Frequent use of Buprenorphine raises the risk of dependence. Buprenorphine is not as promptly addictive as certain other medications.
In addition, Buprenorphine doesn’t eliminate discomfort when given as pain relief, but it alters how the patient senses pain.
In time, anyone will grow tolerance and need a greater dosage to experience the management of pain.
On the other hand, if you use this medicine for therapeutic purposes, you may grow buprenorphine dependence even faster.
Buprenorphine is taken orally, snorted, or injected at times. Basically, recreational users of Buprenorphine also often administer Buprenorphine to improve its effectiveness.
Unfortunately, this approach will provide rapid, intense yet high levels of risk for increased overdose and an increased incidence of dependency.
In short, addiction to Buprenorphine warrants a systematic and high-dose use of this medicine.
If you are medicinally using Buprenorphine or prescribing it by a doctor doesn’t matter; because anybody is subject to produce buprenorphine dependence.
Dependence is dangerous for life because even the most fundamental relationships, jobs, and hopes can be wrecked.
It is necessary to remember that many more effective treatments are available even if you have ventured into therapy before.
Above all, if you get quality care, you have a better chance of healing. Reach out to us here at Level Up Addiction Treatment Center in West Palm.
Buprenorphine Detox Withdrawal Timeline
Buprenorphine-based drugs take longer to act on your body and also remain active for a greater length of time. Because it is a long-acting drug, it can make withdrawal more difficult.
Days 1 – 3
Physical symptoms may begin to show up within 6 – 12 hours after the last use of buprenorphine. A person may experience symptoms such as muscle pain, nausea, and diarrhea.
Days 4 – 7
A person may experience insomnia as the body eliminates the drugs. This the psychological impacts of withdrawal happens, which may include anxiety and irritability.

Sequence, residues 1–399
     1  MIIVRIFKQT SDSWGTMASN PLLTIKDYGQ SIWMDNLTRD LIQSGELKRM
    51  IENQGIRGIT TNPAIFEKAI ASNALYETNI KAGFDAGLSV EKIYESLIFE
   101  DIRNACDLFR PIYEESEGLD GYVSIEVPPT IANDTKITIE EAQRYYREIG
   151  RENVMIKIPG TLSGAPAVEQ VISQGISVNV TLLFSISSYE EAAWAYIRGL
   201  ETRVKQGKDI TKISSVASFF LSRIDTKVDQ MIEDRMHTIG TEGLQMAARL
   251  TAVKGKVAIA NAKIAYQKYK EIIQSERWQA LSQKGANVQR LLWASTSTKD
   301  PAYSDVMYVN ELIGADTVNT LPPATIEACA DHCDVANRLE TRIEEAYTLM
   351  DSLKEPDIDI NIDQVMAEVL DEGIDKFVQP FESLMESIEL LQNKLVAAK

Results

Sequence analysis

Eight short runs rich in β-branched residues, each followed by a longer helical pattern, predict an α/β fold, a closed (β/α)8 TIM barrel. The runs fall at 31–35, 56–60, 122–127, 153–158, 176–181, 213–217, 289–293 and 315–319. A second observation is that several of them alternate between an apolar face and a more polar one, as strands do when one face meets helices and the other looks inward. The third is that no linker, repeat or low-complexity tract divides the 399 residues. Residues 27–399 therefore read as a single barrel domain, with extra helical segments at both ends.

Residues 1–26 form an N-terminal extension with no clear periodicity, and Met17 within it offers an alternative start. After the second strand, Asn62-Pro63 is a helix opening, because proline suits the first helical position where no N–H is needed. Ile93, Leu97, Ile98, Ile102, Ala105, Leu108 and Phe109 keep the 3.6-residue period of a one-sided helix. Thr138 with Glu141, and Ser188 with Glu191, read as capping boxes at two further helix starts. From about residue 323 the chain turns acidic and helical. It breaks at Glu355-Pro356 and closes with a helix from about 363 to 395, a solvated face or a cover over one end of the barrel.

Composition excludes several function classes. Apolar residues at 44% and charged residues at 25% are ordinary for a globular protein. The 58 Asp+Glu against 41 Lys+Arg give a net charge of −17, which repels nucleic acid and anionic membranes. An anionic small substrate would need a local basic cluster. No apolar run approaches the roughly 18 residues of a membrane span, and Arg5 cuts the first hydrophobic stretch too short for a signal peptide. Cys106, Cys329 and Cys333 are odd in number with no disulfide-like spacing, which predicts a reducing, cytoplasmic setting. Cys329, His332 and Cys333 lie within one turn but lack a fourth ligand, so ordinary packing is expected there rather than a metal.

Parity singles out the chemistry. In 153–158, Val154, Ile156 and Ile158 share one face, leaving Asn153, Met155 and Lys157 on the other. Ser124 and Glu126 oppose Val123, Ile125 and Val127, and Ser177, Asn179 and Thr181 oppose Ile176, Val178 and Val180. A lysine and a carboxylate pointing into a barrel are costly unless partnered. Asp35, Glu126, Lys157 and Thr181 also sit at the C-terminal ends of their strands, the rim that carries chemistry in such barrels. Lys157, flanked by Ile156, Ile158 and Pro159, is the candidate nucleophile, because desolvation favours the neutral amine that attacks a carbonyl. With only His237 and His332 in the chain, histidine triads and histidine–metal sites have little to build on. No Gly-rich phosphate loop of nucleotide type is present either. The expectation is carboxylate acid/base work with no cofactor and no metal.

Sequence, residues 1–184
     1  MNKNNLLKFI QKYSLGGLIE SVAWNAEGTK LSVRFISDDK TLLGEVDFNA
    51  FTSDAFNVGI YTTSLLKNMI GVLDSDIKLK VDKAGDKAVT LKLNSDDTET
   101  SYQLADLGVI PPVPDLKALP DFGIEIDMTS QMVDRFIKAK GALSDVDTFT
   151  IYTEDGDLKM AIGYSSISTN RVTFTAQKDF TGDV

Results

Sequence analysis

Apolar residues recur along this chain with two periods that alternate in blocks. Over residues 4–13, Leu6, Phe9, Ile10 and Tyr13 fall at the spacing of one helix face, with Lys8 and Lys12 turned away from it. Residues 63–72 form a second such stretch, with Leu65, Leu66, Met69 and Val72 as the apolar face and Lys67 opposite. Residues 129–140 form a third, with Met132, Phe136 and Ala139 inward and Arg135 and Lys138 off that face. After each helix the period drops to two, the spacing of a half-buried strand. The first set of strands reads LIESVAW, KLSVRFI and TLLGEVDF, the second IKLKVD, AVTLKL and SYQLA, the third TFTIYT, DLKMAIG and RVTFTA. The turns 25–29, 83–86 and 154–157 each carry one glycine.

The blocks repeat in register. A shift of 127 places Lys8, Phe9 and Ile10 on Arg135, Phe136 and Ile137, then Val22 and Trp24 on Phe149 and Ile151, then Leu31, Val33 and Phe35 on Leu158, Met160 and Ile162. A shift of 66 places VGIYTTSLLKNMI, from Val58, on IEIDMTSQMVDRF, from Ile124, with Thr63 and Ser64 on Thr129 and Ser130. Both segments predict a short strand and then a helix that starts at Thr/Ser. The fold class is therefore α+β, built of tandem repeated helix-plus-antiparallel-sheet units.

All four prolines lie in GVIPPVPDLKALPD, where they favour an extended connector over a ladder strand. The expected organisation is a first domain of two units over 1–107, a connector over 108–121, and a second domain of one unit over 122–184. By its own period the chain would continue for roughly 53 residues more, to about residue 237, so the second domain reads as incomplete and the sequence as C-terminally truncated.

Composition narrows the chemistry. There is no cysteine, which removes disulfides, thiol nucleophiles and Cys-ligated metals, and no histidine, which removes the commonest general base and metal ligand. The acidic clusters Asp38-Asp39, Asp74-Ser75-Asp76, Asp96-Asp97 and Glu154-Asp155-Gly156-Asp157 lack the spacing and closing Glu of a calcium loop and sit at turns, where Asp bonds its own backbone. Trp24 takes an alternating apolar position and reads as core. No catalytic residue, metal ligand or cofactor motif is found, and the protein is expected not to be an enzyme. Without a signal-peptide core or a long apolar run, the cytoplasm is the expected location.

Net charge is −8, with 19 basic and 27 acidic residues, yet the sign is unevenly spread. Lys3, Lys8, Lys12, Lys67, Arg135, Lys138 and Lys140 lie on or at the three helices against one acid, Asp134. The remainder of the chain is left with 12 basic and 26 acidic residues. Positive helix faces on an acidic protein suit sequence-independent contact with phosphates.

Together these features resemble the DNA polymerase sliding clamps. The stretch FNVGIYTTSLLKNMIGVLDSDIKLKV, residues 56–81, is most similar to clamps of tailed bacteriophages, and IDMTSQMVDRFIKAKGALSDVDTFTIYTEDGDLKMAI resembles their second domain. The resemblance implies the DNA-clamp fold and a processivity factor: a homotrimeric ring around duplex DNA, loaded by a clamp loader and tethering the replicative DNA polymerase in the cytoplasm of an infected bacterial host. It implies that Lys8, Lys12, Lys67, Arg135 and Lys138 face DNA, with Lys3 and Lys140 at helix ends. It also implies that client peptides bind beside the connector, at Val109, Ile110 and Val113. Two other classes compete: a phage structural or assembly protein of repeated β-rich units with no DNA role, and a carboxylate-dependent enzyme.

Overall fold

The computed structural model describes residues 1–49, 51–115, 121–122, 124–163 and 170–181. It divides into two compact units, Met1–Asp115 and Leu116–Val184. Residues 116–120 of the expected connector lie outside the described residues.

Weeks 2 – 4
Once the first week is complete, many people become more prone to depression.
Therefore, it is best to be treated in an inpatient treatment facility to treat co-occurring mental disorders with talk therapy and possibly medicinal intervention.
At this point, relapse prevention is crucial. Though the drug is out of the body’s system, the brain is still wired to crave the drug.
Moreover, buprenorphine cravings can happen years after the drug was used.
Medical Buprenorphine Detox
Medical Buprenorphine detox can help a person safely and comfortably complete withdrawal.
As the client gradually reduces the buprenorphine dose or detox from the medication, they can meet with treatment professionals to address any problems they have with dependency.
However, medical detox does little to address the underlying issues of substance misuse and addiction.
For these reasons, detox should ideally be followed by comprehensive addiction treatment that involves behavioral therapy and complementary forms of treatment.
The inpatient treatment approach works best as it aims to change the person’s behaviors. Also, help them establish social support systems and better methods of coping with stress.
A person will likely experience many side effects from their drug use. These side effects may be emotional, physical, or mental.
For example, someone in withdrawal will likely experience many uncomfortable feelings and negative thoughts about life during the process of detox.
Unfortunately for those with dependency, the Buprenorphine detox process is an unavoidable first step to recovery.
If you or a loved one is struggling with Buprenorphine addiction, you don’t have to be hesitant to ask for help.
So many other people have been in your place and are ready to help you and support you as you seek a life of sobriety and ongoing recovery.
If you’re searching for Buprenorphine detox and treatment, call Level Up West Palm today. Our caring and knowledgeable admissions team are ready to take your call.
 US National Library of Medicine – https://medlineplus.gov/druginfo/meds/a605002.html